A few years ago I started praying to see both the physical and the spiritual worlds at once. Before anyone gets worked up about this, let me make it very clear that I'm not talking Frank Peretti: demons lurking behind trashcans and public toilets with angels waiting just outside swinging the heavenly handcuffs. No. I'm talking Gerard Manley Hopkins:
The world is charged with the grandeur of God.
It will flame out, like shining from shook foil;
It gathers to a greatness, like the ooze of oil
Crushed. Why do men then now not reck his rod?
Generations have trod, have trod, have trod;
And all is seared with trade; bleared, smeared with toil;
And wears man's smudge and shares man's smell: the soil
Is bare now, nor can foot feel, being shod.
And for all this, nature is never spent;
There lives the dearest freshness deep down things;
And though the last lights off the black West went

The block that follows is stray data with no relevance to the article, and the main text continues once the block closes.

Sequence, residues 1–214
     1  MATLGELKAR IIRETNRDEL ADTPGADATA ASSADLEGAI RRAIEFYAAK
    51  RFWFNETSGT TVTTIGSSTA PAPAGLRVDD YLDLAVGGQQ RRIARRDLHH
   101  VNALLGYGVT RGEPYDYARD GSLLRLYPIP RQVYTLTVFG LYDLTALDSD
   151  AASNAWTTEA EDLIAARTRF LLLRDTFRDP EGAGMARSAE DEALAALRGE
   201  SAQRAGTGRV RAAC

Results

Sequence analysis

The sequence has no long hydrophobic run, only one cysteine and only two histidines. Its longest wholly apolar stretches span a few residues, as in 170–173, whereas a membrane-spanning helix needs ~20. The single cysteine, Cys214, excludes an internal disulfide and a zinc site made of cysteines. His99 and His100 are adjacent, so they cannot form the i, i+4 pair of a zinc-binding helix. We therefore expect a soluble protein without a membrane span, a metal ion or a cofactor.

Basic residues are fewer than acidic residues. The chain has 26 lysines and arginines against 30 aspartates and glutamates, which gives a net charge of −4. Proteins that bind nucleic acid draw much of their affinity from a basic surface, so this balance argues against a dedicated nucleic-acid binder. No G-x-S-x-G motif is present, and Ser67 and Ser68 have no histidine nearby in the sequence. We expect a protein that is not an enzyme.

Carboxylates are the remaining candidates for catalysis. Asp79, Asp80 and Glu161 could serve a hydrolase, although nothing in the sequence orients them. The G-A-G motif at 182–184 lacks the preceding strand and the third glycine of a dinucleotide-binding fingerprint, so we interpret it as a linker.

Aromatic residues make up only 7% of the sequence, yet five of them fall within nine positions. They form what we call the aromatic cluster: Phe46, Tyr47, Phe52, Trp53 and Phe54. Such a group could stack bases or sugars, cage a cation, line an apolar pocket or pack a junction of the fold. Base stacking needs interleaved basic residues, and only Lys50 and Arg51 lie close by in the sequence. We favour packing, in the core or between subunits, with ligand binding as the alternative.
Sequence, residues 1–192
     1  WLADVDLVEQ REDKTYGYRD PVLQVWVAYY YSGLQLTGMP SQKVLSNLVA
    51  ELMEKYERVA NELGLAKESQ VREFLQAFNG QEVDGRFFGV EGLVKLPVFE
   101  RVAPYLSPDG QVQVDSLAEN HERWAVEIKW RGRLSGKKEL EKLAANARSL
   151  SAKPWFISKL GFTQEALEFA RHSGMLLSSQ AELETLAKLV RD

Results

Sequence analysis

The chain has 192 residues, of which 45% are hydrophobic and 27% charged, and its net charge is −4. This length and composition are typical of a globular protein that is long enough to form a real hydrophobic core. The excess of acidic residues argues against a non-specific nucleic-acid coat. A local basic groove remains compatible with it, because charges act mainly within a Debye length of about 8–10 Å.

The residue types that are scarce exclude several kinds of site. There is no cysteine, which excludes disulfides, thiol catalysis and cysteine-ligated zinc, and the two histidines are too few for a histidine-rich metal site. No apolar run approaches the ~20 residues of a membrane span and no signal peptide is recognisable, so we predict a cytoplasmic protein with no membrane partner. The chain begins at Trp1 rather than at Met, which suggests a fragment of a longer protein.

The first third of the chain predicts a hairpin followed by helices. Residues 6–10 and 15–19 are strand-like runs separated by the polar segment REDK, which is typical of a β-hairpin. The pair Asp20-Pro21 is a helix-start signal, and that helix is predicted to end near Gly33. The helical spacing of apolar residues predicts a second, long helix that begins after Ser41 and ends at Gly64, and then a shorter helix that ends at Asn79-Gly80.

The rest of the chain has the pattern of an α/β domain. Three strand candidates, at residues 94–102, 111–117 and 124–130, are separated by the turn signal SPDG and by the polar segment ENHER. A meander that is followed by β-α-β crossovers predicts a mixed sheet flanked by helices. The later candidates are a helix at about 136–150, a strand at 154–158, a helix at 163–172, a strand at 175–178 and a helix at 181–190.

Oh, morning, at the brown brink eastward, springs--
Because the Holy Ghost over the bent
World broods with warm breast and with ah! bright wings.
Increasingly my prayer is being answered; I see more brokenness in the world than I ever did before, and I see more glory, usually in the same places. Both stun. Both can break your heart, even in the everyday. They're as commonplace as the shock of your knee taking the brunt of a fall onto concrete, as ordinary as the flash of light glancing off a sheet of ice or sparkling in a grain of quartz in the sidewalk beneath you. Just as painful. Just as dazzling.
(A note: Because I'm coding impared, I don't know how to indent lines 2,3,6,7,10, 12 and 14, of Hopkins' poem, as they should properly be. I apologise.)